It's worth pointing out that the OP's photos show he used a power feeder, otherwise your point about chip limiters would be absolutely valid and worth repeating and emphasising.
 

tomatwark

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I would be very careful doing this.

A lot of the old style whitehill blocks that are on ebay have worn blade clamps and rounded nuts and will not hold the blade properly, a modern block will either have pins or will be serated which means the cutters are held better.

The OP is using a big old spindle moulder which is nice and solid, if you try this in a small modern machine it will walk across the floor unless the cutters are balanced.

I was trained to use the old style blocks when I did my machining qualifications, I have never lost a cutter, but have seen other people lose them, a cutter embedded 3" into a block wall is impressive.

The old type blocks are illegal in industry and have been for quite a few years, I don't use the old type blocks now as I run a business.

Unless you are very sure about what you are doing I would not do this and either buy profiles that are ready ground or pay someone to make them up for a modern type block.

Tom
 

JonnyD

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custard":39blde70 said:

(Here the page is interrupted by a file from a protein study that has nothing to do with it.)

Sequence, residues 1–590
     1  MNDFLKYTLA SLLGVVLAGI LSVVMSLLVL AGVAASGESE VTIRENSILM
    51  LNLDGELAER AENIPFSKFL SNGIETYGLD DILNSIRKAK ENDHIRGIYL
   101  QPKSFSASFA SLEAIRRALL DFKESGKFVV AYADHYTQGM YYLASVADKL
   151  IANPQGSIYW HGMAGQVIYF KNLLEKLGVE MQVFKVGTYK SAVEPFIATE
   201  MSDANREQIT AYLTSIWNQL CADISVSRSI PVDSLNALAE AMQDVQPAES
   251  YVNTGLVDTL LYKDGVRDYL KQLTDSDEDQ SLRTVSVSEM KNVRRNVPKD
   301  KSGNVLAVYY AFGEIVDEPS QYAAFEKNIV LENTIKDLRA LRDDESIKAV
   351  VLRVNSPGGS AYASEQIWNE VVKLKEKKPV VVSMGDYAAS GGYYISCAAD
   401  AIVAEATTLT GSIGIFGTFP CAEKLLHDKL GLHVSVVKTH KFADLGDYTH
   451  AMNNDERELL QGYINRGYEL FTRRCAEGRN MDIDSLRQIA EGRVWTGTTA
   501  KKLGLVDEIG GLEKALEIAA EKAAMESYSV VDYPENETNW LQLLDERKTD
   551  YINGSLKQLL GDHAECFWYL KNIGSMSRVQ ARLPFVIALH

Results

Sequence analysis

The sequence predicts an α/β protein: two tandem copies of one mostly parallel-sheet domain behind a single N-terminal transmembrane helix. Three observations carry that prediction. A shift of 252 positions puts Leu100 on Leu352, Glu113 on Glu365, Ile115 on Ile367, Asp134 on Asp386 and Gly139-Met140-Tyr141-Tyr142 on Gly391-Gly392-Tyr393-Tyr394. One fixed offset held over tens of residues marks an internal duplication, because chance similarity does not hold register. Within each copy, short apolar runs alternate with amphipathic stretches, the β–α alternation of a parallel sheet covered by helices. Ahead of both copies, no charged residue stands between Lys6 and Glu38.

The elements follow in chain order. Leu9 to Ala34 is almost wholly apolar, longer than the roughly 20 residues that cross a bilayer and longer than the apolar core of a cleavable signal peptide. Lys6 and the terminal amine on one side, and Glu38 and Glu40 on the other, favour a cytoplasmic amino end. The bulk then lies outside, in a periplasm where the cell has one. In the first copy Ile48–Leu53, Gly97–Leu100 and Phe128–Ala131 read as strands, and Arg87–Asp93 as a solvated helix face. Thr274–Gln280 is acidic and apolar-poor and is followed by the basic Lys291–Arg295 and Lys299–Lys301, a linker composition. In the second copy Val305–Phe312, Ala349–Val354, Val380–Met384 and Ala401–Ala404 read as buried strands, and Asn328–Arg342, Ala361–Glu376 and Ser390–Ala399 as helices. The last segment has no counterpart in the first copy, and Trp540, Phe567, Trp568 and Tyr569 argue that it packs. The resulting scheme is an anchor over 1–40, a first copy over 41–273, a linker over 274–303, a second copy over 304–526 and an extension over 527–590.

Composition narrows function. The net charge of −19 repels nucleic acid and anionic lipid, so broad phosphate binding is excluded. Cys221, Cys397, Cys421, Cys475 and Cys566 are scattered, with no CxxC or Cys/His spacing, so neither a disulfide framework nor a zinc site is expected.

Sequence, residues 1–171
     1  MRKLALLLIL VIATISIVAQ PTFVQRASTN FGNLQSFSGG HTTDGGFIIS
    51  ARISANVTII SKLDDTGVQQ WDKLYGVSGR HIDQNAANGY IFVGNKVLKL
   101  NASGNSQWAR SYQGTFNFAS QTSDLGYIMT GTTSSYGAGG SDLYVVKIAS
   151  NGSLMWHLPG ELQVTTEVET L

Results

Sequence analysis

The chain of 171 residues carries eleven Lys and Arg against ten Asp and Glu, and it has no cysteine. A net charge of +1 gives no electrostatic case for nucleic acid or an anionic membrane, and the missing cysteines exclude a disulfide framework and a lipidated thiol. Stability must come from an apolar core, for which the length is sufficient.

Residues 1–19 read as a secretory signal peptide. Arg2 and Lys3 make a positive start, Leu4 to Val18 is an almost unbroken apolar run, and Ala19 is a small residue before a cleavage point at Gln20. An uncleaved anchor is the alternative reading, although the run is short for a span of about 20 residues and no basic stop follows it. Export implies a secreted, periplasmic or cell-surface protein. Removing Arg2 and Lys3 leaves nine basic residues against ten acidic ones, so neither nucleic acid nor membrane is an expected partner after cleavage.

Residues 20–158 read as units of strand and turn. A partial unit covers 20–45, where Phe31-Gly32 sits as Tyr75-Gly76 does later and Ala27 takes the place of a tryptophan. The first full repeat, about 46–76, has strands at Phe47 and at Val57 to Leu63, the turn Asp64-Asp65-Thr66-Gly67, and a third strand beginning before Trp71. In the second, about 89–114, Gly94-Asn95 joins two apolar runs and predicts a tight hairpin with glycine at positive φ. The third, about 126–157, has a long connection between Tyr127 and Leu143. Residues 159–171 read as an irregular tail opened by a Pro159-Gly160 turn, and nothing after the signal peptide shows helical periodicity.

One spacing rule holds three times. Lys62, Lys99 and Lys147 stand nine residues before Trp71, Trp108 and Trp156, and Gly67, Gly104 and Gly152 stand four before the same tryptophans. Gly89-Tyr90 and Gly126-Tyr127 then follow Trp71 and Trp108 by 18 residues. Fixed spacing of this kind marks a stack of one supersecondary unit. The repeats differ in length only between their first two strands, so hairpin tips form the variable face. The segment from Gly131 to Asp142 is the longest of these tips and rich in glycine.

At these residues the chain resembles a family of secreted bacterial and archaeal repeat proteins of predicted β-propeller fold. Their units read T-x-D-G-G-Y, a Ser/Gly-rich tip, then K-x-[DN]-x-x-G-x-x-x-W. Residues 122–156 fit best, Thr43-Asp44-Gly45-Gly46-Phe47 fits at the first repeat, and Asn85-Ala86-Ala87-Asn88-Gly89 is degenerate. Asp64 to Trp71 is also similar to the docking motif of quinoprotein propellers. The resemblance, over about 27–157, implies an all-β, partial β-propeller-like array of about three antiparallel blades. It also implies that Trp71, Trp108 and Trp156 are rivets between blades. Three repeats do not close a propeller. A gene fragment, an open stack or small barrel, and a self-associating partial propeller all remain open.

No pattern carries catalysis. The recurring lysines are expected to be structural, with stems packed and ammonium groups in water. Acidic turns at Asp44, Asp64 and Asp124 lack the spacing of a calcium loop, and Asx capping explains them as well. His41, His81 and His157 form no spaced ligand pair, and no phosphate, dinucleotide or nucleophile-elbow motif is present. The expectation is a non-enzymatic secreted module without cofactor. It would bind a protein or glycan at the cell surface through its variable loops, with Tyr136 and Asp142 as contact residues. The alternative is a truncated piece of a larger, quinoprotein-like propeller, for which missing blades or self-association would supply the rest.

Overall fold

It's worth pointing out that the OP's photos show he used a power feeder, otherwise your point about chip limiters would be absolutely valid and worth repeating and emphasising.
Its probably also worth pointing out that using an unlimited block in a spindle moulder even with a powerfeed is illegal according to the hse. The non limited blocks are really only supposed to be used in planer moulders with security locked guards.

cheers

Jon
 

marcros

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JonnyD":2c2b57gg said:
custard":2c2b57gg said:
It's worth pointing out that the OP's photos show he used a power feeder, otherwise your point about chip limiters would be absolutely valid and worth repeating and emphasising.
Its probably also worth pointing out that using an unlimited block in a spindle moulder even with a powerfeed is illegal according to the hse. The non limited blocks are really only supposed to be used in planer moulders with security locked guards.